My question is do you think I should skip this part and just slowly move her head to the other side when I switch directions (stopping first), or should I wait and practice on a broke horse?

She is very quiet and I have sat on her a couple times last year without issue.

How important is mounting from both sides, and do you have an alternative method for switching sides at the beginning?”-Liseanne R.

I am so glad that the series has helped you and your horse!

Mounting from the ‘off’ side can be awkward. There have been times that I have gotten out of the habit of mounting from the ‘wrong’ side and I remember that it does take some time to get comfortable with it again. To prevent this I mix up the side that I mount and dismount from on all my horses; I might mount the right side and then dismount from the left, or mount and dismount once from the left and the next time from the right. You have already identified the best method for getting comfortable with it again, which is practicing on a broke horse first.

I am very thorough when I start my horses because I rarely skip steps. At times the steps almost seem pointless but generally I do them anyway because that is what I like to do. Having said that there are many people who do a lot less steps which means it is possible. At The Road to the Horse I did less than half of my normal steps but I was also gambling a bit. Keep two things in mind;

  1. why do I mount and dismount both sides
  2. are there other ways to handle this

I mount and dismount for a few reasons but, beyond keeping the horse balanced and exposed on both sides, the main reason is because a horse that is bending can’t buck as well as one that is straight. When I bend, mount and move the horse bent I am preventing bucking. Watch a bucking bronc and you will see the head is straight in front. This shows me that they buck best when straight. I mount and dismount for many reasons but bending to prevent bucking is a big one.

There are other ways to discourage bucking. Just last week a friend asked me to pony her while she rode her three year old filly. She had done all the groundwork but wanted to have the filly move out more. I rode her big gelding and lead, or ponied, her while she rode. As the person ponying I was in control of the speed and direction but even more importantly I could discourage bucking by controlling the fillies head. In essence I was preventing or discouraging bucking. This would be another example of a possible method. The fun thing about training horses is that there are so many choices and each horse is an individual.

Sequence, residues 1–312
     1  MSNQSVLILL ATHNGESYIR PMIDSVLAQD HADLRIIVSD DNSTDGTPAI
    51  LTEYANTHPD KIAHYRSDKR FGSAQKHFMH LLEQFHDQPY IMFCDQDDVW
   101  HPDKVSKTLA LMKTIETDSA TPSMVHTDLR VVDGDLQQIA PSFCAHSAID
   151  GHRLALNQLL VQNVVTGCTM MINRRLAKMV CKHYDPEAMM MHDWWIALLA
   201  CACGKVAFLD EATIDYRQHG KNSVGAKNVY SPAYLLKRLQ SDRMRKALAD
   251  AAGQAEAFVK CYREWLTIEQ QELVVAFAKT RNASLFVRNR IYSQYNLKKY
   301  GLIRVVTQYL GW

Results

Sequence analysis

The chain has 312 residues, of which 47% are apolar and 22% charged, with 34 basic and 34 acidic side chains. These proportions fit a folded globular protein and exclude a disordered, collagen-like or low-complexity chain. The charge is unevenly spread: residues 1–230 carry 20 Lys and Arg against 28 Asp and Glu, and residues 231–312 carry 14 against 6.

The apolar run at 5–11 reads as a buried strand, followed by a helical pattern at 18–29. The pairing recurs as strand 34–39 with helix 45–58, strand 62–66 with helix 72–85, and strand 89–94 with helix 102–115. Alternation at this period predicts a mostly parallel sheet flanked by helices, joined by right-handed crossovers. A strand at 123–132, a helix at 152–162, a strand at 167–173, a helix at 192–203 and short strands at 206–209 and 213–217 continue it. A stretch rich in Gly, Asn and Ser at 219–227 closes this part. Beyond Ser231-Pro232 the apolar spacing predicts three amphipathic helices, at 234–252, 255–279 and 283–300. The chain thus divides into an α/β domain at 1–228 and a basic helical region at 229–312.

It sounds like you have done your groundwork well and that you know your horse. Part of all that groundwork was so that you could gather information for future decision making. Think back to her worst reaction to a new thing and compare that, making an educated guess, to this new question.

It sounds like you are a thinking rider; you have identified the potential problem, you know what would remedy it and you have considered alternatives. This leads me to believe that you will make a good decision and no matter what happens you will learn from the outcome. Great job!



Posted by on July 18, 2014 in Members Question, Training


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Lights out at summer camp…

Miracle Mountain Ranch

The Westfall’s visit Miracle Mountain Ranch during summer camp!

A bell just rang signaling ‘lights out’…councilors are making their rounds…

We left Ohio this morning after spending three weeks and we arrived this evening for a three week stay in Pennsylvania…at a summer camp!

More on this tomorrow…I think I hear a councilor coming…gotta go!


Posted by on July 17, 2014 in Life


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How do I deal with a horse that has learned to bolt through my hands on the lounge line? Jac Review Week